• Psalm 23:4, “Even though I walk through the valley of the shadow of death, I will fear no evil, for you are with me; your rod and your staff they comfort me.

  • 2 Corinthians 1:5, “For as we share abundantly in Christ’s sufferings, so through Christ we share abundantly in comfort, too.”

 

However, Christ is not only our comforter in death, he is the conqueror of death.

 

Your well-meaning friends who don’t have a relationships with Jesus, secular therapists, psychologists and most other people who talk to you in your hour of pain will probably counsel you that ultimately, death is normal and needs to be accepted. Death is a part of life, they'll remind you. Yes, it is awful; but it is also universal, biological and predictable.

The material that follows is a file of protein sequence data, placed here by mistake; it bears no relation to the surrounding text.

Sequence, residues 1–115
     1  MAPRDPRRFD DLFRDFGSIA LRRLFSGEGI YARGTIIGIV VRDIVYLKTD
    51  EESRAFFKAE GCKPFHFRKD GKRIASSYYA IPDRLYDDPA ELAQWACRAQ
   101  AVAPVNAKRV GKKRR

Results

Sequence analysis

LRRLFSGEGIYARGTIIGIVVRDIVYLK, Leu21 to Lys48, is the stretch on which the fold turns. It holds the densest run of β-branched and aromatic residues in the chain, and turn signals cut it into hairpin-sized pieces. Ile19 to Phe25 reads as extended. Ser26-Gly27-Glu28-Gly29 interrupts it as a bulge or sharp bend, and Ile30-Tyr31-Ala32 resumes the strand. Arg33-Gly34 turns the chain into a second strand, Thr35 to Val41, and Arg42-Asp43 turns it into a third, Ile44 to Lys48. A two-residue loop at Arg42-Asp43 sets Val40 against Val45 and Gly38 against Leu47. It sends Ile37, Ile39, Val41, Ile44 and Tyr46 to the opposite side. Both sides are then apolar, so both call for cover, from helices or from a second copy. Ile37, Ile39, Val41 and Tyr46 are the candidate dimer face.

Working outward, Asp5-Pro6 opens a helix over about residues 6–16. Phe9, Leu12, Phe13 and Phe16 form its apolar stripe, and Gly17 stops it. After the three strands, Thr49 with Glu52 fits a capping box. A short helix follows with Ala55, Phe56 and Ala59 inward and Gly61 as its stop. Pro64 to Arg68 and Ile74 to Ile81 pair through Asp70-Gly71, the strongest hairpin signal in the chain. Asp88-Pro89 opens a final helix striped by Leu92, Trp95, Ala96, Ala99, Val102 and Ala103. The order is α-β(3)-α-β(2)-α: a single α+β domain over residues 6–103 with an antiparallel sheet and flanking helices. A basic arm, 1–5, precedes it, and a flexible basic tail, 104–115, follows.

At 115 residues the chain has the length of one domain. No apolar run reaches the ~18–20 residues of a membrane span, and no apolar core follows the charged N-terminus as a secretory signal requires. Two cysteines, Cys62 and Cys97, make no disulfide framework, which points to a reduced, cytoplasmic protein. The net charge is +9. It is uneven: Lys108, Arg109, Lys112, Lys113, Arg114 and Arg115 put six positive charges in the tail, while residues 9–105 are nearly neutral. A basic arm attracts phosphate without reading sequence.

This may be of some peace to you, reminding you that what you’re not alone in your grief and loss. And although what they’re saying is true—which is why it can be helpful—it's incomplete. Scripture tells us more. Through the words of the prophets and apostles, God reveals the deeper meaning of death.

  • Death is universal, biological and predictable because it is ultimately a result of sin. Sin came first; death came second. Paul wrote in Romans 5:12, “just as sin came into the world through one man, and death through sin..” (Romans 5:12)  The significance of that is shocking. The universe we live in is not first and foremost physical and biological; it is first and foremost spiritual and moral, because it has been created and is upheld by a spiritual and moral God. Thus, the immorality of humans, explains the mortality of humans. Sin is the reason why death is now universal, predictable and biological.